December 7 2011
Ever since Quake started offering options for play over the Internet, multiplayer first-person shooters have been a dominant force in online gaming. Today FPS fans have a remarkable variety of settings and mods to choose from. These are the titles I would most recommend for the PC - the list is not based soley on the game's popularity. Hands-on experience, user feedback, and an active community are among the things I consider when compiling these lists. The emphasis is on current games for current computers, not classics that peaked before the turn of the century. They are ultimately just my opinion, so if you feel I've missed something, you're welcome to make a suggestion. If you're looking for free shooters like Quake Live and Team Fortress 2, they are on the top free online shooter list.
The latest addition to the Battlefield series has few rivals when it comes to spectacular graphics and environmental destruction. In this iteration they've brought back jets, 64-player maps on the PC, and several other features not seen in the franchise in a long time, such as deathmatch. Battlefield 3 is a very solid combined arms experience whether you just want to jump in and shoot some guys in the face, or you want to make the effort to get organized enough to work as a team. It has improved on its predecessor, Bad Company 2, and you'll likely get good mileage out of it unless you've completely had your fill of modern warfare FPS games.
Military shooters have become a staple of online gaming, and there seems to be another installment in the Call of Duty series every year now. Call of Duty: Black Ops is the 2010 addition, and once again it offers a robust multiplayer component along with the single-player campaign. Unlike CoD: Modern Warfare 2, the PC version of Black Ops has dedicated servers and it supports up to 24 players online (as opposed to MW2's 18). One new feature that is creating some buzz are the Wager Match modes, which lets people bet CoD Points on the outcome of a match. Along with the expected exotic locations and nifty new weapons, the option to play MP maps against bots has been added, and the ever-popular zombie mode makes a return.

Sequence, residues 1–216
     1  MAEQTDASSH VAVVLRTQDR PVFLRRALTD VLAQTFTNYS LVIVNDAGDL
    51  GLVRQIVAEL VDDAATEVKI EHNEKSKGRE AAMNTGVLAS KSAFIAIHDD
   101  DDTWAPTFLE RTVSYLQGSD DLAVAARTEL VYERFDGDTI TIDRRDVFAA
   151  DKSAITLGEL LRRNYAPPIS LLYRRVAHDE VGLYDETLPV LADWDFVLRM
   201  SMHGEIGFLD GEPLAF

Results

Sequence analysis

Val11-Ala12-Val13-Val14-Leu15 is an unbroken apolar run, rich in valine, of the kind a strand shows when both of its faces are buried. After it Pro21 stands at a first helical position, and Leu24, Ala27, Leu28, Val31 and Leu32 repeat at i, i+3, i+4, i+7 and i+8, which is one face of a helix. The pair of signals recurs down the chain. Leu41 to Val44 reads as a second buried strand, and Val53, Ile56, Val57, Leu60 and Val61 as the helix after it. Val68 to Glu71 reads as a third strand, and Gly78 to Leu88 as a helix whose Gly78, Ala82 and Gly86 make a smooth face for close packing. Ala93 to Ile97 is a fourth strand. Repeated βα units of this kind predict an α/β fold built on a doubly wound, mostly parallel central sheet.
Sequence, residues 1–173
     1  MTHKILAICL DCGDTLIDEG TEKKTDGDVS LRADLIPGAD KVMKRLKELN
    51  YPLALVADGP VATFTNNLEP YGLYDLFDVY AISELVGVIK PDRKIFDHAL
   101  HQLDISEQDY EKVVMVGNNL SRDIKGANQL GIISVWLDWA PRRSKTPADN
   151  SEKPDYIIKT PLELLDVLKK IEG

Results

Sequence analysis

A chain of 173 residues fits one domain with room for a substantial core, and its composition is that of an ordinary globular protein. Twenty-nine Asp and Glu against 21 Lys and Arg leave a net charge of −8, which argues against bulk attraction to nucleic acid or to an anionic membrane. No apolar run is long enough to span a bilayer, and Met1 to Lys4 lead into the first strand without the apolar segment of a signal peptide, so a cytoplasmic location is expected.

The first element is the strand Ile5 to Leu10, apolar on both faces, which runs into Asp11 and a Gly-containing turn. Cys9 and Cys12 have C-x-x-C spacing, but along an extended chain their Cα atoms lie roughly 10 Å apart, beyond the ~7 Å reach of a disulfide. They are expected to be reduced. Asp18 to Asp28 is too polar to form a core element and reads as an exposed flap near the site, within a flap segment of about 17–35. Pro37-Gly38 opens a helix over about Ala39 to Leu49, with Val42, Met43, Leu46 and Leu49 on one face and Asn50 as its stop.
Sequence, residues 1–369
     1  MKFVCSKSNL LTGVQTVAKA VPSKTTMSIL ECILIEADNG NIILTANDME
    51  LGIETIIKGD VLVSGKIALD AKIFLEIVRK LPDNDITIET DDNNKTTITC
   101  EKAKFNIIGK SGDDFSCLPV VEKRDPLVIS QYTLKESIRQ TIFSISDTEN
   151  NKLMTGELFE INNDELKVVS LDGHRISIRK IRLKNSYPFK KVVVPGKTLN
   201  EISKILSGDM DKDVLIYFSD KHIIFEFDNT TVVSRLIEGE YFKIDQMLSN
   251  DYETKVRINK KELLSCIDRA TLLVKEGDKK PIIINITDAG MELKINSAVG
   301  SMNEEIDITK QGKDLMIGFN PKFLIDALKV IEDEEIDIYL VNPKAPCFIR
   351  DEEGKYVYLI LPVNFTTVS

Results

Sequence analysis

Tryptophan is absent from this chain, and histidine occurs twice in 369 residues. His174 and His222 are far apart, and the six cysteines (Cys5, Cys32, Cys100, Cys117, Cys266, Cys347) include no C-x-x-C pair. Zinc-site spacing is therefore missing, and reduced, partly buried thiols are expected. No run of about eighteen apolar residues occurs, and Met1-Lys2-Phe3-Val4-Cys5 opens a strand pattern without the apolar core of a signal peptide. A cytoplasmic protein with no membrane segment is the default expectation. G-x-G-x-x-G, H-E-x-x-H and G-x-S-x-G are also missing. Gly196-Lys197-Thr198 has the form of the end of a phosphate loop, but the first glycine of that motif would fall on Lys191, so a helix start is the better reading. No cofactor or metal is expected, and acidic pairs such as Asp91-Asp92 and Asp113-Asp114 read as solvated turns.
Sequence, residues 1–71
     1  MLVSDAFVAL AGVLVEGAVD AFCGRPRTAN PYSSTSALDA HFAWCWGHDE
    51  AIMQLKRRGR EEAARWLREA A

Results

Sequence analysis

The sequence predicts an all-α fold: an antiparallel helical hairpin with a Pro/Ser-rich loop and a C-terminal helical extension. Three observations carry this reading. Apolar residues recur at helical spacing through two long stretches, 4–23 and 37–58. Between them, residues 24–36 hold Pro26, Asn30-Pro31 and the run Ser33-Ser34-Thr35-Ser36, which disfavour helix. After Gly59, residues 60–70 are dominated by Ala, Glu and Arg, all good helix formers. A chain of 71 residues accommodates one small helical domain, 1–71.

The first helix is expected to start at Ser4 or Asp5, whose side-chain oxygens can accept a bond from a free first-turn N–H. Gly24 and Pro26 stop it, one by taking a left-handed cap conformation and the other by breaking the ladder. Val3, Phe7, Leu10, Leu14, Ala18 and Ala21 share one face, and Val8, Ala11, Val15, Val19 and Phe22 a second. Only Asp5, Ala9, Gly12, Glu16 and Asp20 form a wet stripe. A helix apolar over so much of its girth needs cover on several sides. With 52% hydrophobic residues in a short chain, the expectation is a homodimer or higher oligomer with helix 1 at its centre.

Bad Company 2 is the first major Battlefield release for the PC since BF 2142. It features destructible environments that really take the action up a notch, and like earlier games in the series, it does a great job of catering to different play styles with the class system. Objective-based Rush mode and Hardcore mode are both nice additions. It encourages teamwork more than most shooters, and it stays pretty close to the proven Battlefield formula. Although I miss the 64-player matches and mods of the PC exclusive Battlefield titles, Bad Company 2 is an easy game to recommend.
World War II has been done countless times in the shooter, but Red Orchestra 2 does it with considerably more realism and depth than usual, in part because it is exclusive to the PC. There are robust movement controls including lean and prone, as well as a cover system, suppression system, and the ability to "blind fire." Ballistics and bullet penetration are also accurately portrayed. It falls nicely between the arcade-style Call of Duties and the hardcore simulation ArmA 2 approach.
Renowned for intense infantry combat, Call of Duty 4 brought the series into a modern warfare setting and quickly became the most popular online shooter of 2007. Multiplayer features received special attention in this release, which has a deep and very addictive persistent stats system that rewards players with upgraded skills and items as they gain experience. Call of Duty 4 also offers a robust variety of multiplayer modes and some of the best graphics in its class.